A crowdfunding campaign by a British Muslim who witnessed an attack in London that killed four people has almost reached a target of $37,000, which will be donated to the victims' families.
By the time of publishing, more than 1,000 people had donated $33,500 towards the fund.
On Wednesday, Muddassar Ahmed was barricaded in a nearby office building in Westminster at the time of the car-and-knife attack, which also wounded dozens.
"I was there and I was shocked," he told Al Jazeera. "Because I saw what happened, I felt that had to do something for the victims ... I wanted to raise money quickly so I launched the campaign late that night."
"It was primarily to help families of the victims ... it was something that could be done to offer support and empathise with the families."
Ahmed then called his friends to help with fundraising.
Two British Muslim MPs - Naz Shah and Yasmin Qureshi - have since voiced their support for the Muslims United for London initiative.
'Being proactive is part of the solution'
On the crowdfunding page, Ahmed wrote that he was shocked to witness "the injuries and loss of life outside my window".
"I reflected on what it means to be a born-and-bred Londoner and found myself proud of how security and medical services responded," he said.
The suspect behind the attack, who was killed after he stabbed a policeman to death, was named as 52-year-old Khalid Masood. Reports said he was a Muslim convert.
Some 40 people were injured in the attack, 29 of whom were being treated in hospital, according to police. Seven were still in critical condition.
"Rather than just condemning the attacks, being proactive and actually doing something is part of the solution," said Ahmed.
While acknowledging that the campaign might help to show Muslims in a positive light, that was not his "primary goal".
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Some of Britain's Muslim community leaders remain concerned about a possible backlash in the aftermath of the attack.
Following similar violence across Europe in recent years, Muslims have suffered collective punishment as some equate Islam with "terrorism".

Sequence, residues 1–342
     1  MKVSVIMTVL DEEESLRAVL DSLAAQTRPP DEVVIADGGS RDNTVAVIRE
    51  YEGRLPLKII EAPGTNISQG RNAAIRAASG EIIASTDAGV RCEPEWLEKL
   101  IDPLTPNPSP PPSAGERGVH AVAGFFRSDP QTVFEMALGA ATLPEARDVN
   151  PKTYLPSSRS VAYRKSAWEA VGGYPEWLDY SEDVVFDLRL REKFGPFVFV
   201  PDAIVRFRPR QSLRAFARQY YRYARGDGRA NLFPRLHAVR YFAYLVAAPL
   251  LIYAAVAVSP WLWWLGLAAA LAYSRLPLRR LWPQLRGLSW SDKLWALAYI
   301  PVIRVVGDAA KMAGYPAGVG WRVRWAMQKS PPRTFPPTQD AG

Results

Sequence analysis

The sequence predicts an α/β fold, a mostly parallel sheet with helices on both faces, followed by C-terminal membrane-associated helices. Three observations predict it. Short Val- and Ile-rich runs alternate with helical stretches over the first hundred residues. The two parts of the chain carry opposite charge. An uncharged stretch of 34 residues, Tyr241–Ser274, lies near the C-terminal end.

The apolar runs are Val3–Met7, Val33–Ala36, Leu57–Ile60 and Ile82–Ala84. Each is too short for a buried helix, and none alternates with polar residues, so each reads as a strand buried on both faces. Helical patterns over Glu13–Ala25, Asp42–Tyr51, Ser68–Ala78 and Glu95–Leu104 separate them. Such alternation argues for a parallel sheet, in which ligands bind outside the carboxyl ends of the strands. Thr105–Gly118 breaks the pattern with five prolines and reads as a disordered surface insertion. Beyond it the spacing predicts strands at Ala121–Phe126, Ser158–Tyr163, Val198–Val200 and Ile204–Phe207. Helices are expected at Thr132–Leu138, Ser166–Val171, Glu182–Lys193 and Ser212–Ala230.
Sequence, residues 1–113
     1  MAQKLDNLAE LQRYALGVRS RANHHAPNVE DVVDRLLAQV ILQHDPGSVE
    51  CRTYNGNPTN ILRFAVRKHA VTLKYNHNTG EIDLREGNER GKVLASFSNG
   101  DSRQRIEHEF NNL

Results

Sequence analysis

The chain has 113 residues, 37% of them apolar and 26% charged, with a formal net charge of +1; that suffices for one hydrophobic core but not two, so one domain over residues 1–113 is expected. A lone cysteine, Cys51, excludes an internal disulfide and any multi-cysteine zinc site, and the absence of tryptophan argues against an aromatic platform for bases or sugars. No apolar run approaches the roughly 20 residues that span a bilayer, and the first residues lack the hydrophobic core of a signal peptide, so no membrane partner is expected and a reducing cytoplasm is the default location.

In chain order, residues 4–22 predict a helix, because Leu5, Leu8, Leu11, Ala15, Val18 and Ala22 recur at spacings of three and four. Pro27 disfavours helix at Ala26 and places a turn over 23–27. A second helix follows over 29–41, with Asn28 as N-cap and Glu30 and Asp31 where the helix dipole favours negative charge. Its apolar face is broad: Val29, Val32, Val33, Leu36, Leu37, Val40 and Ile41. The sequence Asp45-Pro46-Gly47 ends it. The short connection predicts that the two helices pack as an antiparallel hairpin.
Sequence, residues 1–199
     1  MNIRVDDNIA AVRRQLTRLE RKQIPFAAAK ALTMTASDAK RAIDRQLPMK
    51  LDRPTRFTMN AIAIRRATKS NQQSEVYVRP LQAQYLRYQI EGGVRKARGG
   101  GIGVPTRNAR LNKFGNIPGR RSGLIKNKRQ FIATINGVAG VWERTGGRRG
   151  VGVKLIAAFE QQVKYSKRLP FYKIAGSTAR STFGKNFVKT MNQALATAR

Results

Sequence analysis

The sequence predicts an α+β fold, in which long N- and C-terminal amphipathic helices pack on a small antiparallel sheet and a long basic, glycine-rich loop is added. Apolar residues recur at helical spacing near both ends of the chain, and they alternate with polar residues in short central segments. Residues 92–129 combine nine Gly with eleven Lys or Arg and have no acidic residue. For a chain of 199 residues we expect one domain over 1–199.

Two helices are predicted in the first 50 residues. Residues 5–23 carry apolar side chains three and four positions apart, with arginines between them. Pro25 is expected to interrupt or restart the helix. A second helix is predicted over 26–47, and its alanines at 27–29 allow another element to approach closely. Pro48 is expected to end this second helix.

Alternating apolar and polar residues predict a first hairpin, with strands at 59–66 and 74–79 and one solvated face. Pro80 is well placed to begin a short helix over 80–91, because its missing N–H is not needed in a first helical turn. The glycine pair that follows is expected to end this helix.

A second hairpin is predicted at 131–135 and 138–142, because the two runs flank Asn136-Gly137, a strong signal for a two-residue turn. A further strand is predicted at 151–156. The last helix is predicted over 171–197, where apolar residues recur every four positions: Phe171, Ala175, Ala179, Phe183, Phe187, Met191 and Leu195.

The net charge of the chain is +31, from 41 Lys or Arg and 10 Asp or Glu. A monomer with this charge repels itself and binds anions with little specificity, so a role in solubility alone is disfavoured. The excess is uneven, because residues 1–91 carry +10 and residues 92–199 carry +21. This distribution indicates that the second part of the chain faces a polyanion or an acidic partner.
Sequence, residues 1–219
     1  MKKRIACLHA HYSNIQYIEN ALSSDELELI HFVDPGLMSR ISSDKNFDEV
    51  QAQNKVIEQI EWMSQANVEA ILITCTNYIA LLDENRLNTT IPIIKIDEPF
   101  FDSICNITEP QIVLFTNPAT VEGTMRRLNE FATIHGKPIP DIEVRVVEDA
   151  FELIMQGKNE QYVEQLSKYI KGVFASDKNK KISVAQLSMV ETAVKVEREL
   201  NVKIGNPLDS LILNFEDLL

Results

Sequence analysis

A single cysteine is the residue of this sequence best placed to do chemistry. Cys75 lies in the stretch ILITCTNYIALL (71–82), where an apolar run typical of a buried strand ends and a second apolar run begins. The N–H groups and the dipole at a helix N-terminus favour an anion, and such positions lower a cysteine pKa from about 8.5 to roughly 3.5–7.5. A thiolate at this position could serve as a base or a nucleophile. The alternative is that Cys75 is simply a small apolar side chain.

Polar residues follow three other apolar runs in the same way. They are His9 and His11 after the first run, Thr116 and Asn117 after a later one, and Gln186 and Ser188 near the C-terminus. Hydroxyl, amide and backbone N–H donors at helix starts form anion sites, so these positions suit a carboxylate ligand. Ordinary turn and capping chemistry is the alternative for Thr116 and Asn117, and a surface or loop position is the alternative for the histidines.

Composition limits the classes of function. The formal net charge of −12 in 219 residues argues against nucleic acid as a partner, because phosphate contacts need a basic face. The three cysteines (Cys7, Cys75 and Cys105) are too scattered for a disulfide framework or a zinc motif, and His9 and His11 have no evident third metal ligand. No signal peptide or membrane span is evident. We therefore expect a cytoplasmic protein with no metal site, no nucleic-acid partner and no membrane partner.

In London, police have advised several mosques to increase security.
"We're in a very difficult position, the Muslim community," Mohammed Kozbar, chairman of the Finsbury Park mosque, told Al Jazeera.
"We hope that there's no reaction from some far-right extremists who may use this incident to spread fear and hate and racism among our society."
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Meanwhile, religious leaders from different faiths have gathered near the site of the attack to call for unity.
"To Christians, to Anglicans, who sense a great emotion of anger, that is appropriate when the innocent are killed," said Justin Welby, the archbishop of Canterbury. "It is not appropriate to be angry at a whole category of people, but simply at one person."
Woman in hijab abused on social media
Following Wednesday's attack, a photograph picturing a Muslim woman walking at the scene went viral, with many questioning her willingness to aid the wounded.
Thousands of people on Twitter shared the image, which drew a barrage of racist messages.
The Muslim woman, who wishes to remain anonymous, later released a statement through Tell MAMA, a UK-based organisation that keeps track of Islamophobic attacks.
"My thoughts at that moment were one of sadness, fear, and concern," the woman said. "What the image does not show is that I had talked to other witnesses to try and find out what was happening, to see if I could be of any help, even though enough people were at the scene tending to the victims."
She added that she was "devastated" by the attack, and at the shock of finding her picture plastered all over social media "by those who could not look beyond my attire, who draw conclusions based on hate and xenophobia".
Additional reporting by Zineb Abdessadok, Neave Barker, Barnaby Phillips.
Source: Al Jazeera News